The concept of institution has been used by scholars from across a number of disciplines to explain a wide variety of phenomena. However, the philosophical roots of this concept have not been well examined, nor have implications for contemporary institutional analysis been fully appreciated. Returning to the works of Husserl and Merleau-Ponty reveals a depth of thinking that has otherwise been overlooked by institutional theorists. In particular, the author’s analysis reveals two critical insights. First, whereas organizational scholars have closely linked the concepts of institution and taken-for-grantedness, these two concepts were originally understood to be phenomenologically distinct. Second, a detailed examination of Merleau-Ponty’s later work poses the concept of flesh – the twining of the visible and the invisible – as the basis for the interplay of institutions. In turn, the idea of flesh as the foundation of institution invites a more radical reimagining of the growing bifurcation between microfoundations and macrofoundations.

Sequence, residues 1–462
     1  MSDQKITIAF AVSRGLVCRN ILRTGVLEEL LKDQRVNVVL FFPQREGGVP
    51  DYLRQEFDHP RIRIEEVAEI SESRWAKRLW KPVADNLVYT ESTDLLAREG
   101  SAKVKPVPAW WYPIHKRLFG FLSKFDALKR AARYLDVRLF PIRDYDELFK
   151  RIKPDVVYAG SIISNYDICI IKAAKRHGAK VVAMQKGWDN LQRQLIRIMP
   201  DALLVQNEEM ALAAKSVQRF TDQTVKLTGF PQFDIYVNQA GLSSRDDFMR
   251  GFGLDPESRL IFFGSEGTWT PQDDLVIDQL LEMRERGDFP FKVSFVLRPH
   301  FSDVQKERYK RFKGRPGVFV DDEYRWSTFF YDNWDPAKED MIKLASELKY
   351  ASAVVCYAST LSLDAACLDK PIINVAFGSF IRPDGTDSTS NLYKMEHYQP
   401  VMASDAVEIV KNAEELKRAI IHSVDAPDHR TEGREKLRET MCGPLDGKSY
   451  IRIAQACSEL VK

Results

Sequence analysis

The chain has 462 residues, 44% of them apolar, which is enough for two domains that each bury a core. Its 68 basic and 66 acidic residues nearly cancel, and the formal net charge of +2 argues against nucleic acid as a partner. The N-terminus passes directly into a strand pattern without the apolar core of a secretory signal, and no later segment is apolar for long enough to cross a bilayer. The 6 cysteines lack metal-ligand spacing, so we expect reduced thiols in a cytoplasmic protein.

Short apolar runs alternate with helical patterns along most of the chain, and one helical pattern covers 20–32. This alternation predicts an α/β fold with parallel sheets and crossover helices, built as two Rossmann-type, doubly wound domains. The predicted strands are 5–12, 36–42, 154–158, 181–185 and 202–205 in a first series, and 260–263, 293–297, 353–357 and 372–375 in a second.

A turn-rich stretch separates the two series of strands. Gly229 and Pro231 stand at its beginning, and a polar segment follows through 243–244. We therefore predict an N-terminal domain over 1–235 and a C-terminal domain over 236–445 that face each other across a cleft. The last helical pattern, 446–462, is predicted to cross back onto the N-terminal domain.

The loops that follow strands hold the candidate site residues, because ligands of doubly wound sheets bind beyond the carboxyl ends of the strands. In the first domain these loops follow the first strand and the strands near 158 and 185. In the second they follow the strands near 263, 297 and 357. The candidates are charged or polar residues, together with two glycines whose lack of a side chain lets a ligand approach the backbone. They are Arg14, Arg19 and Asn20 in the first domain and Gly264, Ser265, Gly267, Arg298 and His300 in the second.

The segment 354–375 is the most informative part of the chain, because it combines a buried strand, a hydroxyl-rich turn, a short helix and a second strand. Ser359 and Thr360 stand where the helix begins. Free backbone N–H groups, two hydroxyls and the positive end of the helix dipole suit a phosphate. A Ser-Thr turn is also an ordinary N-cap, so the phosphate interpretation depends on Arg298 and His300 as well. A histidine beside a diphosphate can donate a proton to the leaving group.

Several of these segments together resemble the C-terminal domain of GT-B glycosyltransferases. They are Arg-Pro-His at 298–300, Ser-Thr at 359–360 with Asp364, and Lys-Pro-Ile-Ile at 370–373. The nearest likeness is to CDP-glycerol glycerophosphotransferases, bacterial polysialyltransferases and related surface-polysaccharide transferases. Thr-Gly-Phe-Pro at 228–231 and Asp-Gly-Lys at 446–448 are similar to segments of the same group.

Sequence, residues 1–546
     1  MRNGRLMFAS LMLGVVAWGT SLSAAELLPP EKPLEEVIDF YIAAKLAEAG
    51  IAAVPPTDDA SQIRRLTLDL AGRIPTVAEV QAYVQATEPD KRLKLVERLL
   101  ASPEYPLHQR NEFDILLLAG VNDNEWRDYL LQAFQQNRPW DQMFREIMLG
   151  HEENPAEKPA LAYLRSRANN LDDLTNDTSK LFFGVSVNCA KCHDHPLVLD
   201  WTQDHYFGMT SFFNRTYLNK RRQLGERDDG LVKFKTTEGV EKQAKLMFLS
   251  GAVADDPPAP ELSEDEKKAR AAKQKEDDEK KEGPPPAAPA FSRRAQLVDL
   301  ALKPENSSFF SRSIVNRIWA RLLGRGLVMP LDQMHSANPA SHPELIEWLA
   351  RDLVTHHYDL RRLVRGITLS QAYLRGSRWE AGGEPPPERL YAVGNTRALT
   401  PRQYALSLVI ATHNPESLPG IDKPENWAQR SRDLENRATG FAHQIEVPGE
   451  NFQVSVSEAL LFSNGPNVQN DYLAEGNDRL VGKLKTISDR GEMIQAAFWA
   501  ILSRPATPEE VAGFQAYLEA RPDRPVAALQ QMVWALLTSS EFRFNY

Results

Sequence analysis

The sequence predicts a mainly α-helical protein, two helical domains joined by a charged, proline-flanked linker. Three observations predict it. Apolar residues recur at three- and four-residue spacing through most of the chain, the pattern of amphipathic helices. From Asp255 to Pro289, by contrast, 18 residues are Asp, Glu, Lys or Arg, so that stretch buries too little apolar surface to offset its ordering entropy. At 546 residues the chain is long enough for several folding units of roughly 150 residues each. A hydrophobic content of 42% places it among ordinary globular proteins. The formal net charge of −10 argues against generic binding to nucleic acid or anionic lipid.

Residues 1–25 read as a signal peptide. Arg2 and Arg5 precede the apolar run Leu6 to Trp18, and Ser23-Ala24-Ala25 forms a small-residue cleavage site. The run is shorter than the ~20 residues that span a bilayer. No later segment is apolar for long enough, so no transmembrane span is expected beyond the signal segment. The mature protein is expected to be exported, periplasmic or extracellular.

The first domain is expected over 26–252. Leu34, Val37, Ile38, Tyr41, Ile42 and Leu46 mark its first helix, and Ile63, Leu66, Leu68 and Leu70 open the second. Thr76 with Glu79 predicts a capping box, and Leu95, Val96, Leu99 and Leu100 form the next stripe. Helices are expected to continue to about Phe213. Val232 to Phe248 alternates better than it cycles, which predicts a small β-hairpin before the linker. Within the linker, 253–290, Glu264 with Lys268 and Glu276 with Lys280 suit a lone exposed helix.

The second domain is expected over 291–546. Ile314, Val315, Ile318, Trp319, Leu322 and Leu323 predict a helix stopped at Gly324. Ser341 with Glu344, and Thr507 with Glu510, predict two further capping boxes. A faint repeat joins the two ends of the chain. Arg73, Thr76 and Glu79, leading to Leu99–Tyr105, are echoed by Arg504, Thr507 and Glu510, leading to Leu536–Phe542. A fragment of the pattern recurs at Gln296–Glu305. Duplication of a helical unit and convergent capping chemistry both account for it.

The author is indebted to Len Lawlor, Edwin Erle Sparks Professor of Philosophy at Pennsylvania State University, for introducing him to contemporary philosophy during doctoral seminars in 2008 and 2009. In addition to a methodical reading of Husserl’s The Crisis, Lawlor’s courses interrogated selected texts by Bergson, Deleuze, Derrida, Foucault, Freud, Heidegger, Merleau-Ponty, and others. More recently, during the author’s 2018–2019 sabbatical, Marie-Eve Morin, Professor of Philosophy at the University of Alberta, was kind enough to let him join her seminar on Merleau-Ponty’s Phenomenology of Perception. The author also thanks Chris Steele for his editorial guidance, Jochem Kroezen and Monika Zebrowska for their friendly but constructive feedback on an earlier draft, and an anonymous reviewer for providing generous and actionable comments. Any errors in understanding are the author’s.
Gehman, J. (2020), "Revisiting the Foundations of Institutional Analysis: A Phenomenological Perspective", Steele, C.W.J., Hannigan, T.R., Glaser, V.L., Toubiana, M. and Gehman, J. (Ed.) Macrofoundations: Exploring the Institutionally Situated Nature of Activity (Research in the Sociology of Organizations, Vol. 68), Emerald Publishing Limited, Bingley, pp. 235-259. https://doi.org/10.1108/S0733-558X20200000068002
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